Gluttony: The overindulgence and overconsumption of anything to the point of waste. In Christian religions, it is said to be a sin because of the excessive desire for food, which withholds food from the needy. In Hell, the gluttonous are force fed rats, toads, and snakes.


Greed: The excessive desire for material wealth. Avarice is another term that might be applied to this sin, but it is a term that can describe other forms of sin, as well. These include disloyalty, deliberate betrayal, and treason. In Hell, the greedy are boiled in oil.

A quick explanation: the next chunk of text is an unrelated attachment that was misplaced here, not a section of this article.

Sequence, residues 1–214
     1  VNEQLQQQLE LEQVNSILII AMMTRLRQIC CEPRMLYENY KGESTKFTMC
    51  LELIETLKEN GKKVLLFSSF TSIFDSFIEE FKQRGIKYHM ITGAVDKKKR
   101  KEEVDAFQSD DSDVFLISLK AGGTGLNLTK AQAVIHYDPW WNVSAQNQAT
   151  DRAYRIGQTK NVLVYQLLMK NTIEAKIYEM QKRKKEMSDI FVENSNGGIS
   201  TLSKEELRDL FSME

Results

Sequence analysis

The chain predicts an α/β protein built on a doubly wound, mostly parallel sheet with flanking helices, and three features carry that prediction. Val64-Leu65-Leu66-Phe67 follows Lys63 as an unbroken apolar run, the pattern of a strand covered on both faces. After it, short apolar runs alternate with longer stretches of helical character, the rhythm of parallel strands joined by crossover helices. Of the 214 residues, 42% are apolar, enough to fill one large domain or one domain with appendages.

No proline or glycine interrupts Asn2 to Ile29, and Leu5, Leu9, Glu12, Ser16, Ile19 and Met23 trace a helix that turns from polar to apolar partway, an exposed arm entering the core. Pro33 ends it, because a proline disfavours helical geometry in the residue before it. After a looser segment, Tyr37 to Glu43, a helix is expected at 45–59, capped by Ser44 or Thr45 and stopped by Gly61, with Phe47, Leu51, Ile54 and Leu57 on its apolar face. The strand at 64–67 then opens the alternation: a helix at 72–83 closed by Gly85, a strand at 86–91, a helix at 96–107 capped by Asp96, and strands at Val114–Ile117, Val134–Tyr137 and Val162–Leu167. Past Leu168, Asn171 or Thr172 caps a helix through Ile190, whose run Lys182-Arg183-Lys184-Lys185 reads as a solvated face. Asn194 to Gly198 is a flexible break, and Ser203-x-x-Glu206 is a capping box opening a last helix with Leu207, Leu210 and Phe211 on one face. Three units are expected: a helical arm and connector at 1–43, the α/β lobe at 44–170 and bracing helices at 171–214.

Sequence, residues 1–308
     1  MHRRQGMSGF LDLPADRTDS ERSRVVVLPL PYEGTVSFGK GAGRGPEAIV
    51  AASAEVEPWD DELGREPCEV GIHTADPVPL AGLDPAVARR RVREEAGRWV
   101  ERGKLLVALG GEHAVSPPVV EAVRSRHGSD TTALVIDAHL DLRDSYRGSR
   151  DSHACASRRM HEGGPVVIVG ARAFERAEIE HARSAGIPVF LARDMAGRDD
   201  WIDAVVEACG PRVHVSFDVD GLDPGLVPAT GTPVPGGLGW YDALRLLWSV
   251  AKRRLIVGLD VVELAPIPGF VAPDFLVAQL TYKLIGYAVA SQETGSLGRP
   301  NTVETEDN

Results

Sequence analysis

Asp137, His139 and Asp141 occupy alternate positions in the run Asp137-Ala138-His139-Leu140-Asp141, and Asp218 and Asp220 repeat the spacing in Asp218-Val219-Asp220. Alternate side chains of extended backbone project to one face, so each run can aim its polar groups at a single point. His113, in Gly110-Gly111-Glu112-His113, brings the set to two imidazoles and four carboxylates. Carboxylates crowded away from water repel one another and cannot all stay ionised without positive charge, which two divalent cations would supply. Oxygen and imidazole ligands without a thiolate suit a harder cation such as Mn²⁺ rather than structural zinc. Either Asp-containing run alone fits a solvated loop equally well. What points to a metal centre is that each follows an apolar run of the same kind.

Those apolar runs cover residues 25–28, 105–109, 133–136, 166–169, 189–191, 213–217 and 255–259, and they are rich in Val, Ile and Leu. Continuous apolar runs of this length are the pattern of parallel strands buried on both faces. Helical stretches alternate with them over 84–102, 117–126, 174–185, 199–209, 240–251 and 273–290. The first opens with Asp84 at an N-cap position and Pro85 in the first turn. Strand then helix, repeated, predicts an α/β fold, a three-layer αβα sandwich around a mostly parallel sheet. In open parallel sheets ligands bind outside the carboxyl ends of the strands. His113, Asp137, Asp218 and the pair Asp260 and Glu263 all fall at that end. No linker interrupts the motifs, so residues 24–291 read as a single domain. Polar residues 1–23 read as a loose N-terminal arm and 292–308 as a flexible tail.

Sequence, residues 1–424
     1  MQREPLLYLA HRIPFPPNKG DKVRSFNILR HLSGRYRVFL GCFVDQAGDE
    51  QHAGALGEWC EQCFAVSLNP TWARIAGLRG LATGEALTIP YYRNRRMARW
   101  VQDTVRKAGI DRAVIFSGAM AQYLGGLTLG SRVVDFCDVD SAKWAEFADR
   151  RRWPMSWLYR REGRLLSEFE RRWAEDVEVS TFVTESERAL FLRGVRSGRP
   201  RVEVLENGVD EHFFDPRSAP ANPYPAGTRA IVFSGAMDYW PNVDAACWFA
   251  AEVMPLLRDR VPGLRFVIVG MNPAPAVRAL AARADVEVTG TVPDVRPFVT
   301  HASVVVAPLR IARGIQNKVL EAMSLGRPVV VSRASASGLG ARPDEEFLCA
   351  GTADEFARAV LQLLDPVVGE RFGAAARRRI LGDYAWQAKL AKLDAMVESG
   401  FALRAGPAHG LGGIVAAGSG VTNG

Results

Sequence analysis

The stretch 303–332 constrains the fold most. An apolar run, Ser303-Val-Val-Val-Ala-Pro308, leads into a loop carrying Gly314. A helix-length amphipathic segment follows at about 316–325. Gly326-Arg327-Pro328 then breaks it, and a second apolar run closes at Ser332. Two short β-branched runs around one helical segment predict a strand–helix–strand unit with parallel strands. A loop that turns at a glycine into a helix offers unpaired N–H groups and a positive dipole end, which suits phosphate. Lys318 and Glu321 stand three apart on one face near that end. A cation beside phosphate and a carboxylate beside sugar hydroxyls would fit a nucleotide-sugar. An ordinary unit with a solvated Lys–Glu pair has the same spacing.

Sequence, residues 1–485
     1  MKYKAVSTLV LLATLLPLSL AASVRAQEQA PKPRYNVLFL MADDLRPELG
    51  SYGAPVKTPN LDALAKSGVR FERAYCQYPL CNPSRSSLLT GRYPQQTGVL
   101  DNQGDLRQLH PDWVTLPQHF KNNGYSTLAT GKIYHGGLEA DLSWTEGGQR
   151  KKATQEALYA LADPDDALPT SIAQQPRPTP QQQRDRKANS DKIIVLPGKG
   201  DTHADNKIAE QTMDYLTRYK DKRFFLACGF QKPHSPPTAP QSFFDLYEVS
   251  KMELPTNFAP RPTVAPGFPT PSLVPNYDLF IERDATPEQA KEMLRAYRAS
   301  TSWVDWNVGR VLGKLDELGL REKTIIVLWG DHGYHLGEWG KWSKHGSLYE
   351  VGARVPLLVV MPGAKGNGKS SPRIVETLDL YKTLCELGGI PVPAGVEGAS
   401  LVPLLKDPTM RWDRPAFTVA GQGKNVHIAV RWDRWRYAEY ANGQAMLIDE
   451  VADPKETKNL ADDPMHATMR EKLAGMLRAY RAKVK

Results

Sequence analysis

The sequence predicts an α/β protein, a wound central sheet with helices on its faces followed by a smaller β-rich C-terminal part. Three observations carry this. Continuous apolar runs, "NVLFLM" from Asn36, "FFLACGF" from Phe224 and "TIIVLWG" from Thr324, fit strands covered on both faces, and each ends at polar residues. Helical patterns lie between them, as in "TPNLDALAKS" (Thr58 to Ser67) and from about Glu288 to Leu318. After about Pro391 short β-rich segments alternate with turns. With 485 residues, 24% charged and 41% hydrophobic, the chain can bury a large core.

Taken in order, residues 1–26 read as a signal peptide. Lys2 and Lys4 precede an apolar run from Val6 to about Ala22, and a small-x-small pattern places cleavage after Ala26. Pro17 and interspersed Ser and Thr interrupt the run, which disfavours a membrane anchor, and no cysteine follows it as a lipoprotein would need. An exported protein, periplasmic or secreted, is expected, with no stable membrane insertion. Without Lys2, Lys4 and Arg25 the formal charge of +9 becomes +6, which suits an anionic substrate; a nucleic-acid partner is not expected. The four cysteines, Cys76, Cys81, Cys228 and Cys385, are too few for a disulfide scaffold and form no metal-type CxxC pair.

Sloth: Acedia and sadness have also been used for this sin. Acedia is defined as a spiritual apathy that discourages a person form fulfilling his/her religious work. Sadness is simply a feeling of discontent which causes unhappiness with one’s current situation. Now, though, sloth is described as pure laziness, indifference, and unwillingness to act or care. It is seen as being considerably less serious than the other sins. In Hell, the lazy are thrown into snake pits.


Wrath: Uncontrolled feelings of hatred and anger. Wrath is the only sin not associated with selfishness and self-interest. In Hell, the angry are dismembered alive.


Envy: Characterized by an insatiable desire for things that others have, which they perceive themselves to be lacking. Dante said envy is a “love of one’s own good perverted to a desire to deprive other men of theirs.” In Hell, the envious are put in freezing water.